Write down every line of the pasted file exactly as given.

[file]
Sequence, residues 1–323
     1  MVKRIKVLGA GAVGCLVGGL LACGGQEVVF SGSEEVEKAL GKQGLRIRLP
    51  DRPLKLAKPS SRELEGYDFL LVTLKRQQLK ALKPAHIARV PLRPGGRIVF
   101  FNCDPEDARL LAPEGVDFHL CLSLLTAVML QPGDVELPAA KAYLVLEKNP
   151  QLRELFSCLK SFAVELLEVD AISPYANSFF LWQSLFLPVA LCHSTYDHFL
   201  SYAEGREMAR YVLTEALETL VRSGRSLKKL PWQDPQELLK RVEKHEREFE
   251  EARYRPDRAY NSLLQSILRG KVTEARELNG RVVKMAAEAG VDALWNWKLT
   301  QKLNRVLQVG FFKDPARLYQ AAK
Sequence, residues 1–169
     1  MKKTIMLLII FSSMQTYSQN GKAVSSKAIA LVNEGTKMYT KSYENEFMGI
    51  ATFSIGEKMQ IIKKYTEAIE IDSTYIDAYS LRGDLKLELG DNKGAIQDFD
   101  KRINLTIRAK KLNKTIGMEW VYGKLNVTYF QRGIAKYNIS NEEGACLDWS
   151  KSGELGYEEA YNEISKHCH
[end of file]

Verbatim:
Sequence, residues 1–323
     1  MVKRIKVLGA GAVGCLVGGL LACGGQEVVF SGSEEVEKAL GKQGLRIRLP
    51  DRPLKLAKPS SRELEGYDFL LVTLKRQQLK ALKPAHIARV PLRPGGRIVF
   101  FNCDPEDARL LAPEGVDFHL CLSLLTAVML QPGDVELPAA KAYLVLEKNP
   151  QLRELFSCLK SFAVELLEVD AISPYANSFF LWQSLFLPVA LCHSTYDHFL
   201  SYAEGREMAR YVLTEALETL VRSGRSLKKL PWQDPQELLK RVEKHEREFE
   251  EARYRPDRAY NSLLQSILRG KVTEARELNG RVVKMAAEAG VDALWNWKLT
   301  QKLNRVLQVG FFKDPARLYQ AAK
Sequence, residues 1–169
     1  MKKTIMLLII FSSMQTYSQN GKAVSSKAIA LVNEGTKMYT KSYENEFMGI
    51  ATFSIGEKMQ IIKKYTEAIE IDSTYIDAYS LRGDLKLELG DNKGAIQDFD
   101  KRINLTIRAK KLNKTIGMEW VYGKLNVTYF QRGIAKYNIS NEEGACLDWS
   151  KSGELGYEEA YNEISKHCH